Queen Mary 2 is a different creature altogether, with room for about 2600 guests.
Wandering through the ship after boarding in Southampton, Alanna and I are dazzled by the elegant public spaces — the sweeping staircase in the Grand Lobby with its shiny black piano and striking floral arrangement; the Queens Room with the biggest dance floor at sea; and the Commodore Club overlooking the ship’s bow, where fabulous cocktails are concocted to celebrate some of Cunard’s most decorated commodores. The Punch Romaine a la Carpathia, for instance, recalls the last libation thought to have been served on the Titanic and celebrates Sir Arthur Rostron, the captain of Cunard’s Carpathia, which rescued all 705 Titanic survivors.
Then there’s the library. Remember when we all read books printed on real paper? This is the biggest library at sea with more than 10,000 books and a good selection of magazines. I love my iPad too, but I could easily spend many quiet hours here immersed in words while ensconced on a leather sofa and surrounded by gleaming glass-panelled shelves filled with books. Alanna finds one she thinks I’ll enjoy — Finding Gobi — about a stray dog that befriends an ultramarathon runner (she’s right; it’s a must-read for any dog lover) and off we go to explore some more.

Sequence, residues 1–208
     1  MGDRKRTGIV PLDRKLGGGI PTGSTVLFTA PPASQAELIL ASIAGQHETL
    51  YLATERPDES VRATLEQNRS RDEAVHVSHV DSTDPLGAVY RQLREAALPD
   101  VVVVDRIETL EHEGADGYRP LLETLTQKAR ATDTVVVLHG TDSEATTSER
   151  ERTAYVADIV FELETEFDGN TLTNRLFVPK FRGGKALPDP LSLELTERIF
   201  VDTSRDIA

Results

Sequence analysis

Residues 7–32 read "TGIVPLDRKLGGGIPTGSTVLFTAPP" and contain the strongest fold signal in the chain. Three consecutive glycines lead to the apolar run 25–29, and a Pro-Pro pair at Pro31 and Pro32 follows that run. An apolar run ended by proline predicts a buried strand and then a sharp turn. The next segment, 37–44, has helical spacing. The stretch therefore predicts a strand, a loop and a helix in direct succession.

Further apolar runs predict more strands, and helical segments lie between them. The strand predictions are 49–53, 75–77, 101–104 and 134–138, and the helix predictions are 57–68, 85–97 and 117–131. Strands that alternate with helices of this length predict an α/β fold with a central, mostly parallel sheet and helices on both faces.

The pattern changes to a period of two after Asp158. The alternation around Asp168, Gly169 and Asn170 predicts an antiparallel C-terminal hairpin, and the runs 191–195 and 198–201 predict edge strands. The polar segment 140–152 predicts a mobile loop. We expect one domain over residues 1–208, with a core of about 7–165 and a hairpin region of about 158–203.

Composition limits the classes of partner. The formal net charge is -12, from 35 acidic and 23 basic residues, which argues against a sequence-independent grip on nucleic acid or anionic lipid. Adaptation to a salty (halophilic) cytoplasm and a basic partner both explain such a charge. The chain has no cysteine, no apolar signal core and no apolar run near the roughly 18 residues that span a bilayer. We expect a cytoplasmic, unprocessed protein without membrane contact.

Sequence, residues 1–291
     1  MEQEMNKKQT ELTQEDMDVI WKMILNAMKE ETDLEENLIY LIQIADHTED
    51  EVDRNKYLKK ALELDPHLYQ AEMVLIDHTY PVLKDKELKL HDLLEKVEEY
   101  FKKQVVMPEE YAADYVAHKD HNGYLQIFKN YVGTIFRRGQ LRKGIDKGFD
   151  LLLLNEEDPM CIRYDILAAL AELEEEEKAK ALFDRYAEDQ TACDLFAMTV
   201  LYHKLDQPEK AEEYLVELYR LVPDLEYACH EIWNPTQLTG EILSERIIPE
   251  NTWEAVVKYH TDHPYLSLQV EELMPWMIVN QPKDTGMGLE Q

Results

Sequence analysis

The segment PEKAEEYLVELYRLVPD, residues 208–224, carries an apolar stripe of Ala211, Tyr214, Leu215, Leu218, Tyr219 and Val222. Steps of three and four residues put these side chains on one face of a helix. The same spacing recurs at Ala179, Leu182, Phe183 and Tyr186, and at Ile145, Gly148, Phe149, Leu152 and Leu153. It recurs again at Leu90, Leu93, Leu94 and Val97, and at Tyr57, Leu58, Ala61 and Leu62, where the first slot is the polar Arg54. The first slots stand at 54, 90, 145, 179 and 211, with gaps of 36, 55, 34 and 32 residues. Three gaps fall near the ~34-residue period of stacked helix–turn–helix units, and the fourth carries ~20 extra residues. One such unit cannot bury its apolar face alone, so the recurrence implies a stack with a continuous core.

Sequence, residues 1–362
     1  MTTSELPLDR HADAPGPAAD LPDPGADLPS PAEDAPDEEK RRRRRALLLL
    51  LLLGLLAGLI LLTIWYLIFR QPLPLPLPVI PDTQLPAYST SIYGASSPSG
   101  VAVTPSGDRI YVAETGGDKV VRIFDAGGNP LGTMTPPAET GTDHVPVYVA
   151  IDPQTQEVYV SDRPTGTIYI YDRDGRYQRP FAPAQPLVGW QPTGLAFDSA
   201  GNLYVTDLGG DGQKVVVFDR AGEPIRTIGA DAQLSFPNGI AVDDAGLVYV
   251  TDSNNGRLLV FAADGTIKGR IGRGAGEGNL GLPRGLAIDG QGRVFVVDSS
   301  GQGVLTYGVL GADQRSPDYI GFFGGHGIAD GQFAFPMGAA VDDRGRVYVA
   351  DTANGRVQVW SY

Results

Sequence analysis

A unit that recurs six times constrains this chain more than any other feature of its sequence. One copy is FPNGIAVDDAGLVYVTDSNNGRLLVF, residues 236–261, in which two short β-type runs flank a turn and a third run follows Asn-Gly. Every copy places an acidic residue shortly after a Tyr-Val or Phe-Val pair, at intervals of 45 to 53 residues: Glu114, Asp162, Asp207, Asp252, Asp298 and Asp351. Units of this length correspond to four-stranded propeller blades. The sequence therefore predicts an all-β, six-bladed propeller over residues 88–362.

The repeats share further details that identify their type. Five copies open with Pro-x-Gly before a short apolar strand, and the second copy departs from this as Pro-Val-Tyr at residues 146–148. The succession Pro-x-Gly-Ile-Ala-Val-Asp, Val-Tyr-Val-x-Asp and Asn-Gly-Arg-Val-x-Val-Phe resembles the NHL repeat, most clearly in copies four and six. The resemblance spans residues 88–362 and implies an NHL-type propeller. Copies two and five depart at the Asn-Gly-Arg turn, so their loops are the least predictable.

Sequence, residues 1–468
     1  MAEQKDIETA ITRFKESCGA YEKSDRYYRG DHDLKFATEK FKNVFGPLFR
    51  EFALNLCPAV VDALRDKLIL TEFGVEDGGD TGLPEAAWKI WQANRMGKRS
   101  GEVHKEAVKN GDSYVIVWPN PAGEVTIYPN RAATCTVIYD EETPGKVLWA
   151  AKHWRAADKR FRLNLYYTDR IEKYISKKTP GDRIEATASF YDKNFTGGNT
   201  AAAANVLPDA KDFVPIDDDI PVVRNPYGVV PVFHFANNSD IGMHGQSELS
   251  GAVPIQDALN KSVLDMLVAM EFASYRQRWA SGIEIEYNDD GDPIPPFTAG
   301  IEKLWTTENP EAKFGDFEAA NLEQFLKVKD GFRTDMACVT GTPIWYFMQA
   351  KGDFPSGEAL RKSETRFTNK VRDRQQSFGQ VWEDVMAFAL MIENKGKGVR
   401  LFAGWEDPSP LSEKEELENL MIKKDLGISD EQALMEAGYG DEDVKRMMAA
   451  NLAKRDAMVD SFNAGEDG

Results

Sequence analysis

Because Cunard has been in business for so long — the company was started by Canadian entrepreneur Samuel Cunard in 1839 — and because it has a stellar reputation to maintain, Cunard can claim a lot of industry firsts, such as having the first ship with hot and cold water in every cabin. Of course, we all take hot water for granted these days, but how about the first planetarium at sea? The first cultural academy operated by the University of Oxford? Or the first Canyon Ranch SpaClub at sea?
One afternoon, Alanna and I lean back in our chairs in the domed and darkened planetarium to watch National Geographic’s documentary Asteroid: Mission Extreme. In visually riveting detail, it explains how asteroids are both a threat and an opportunity to humankind.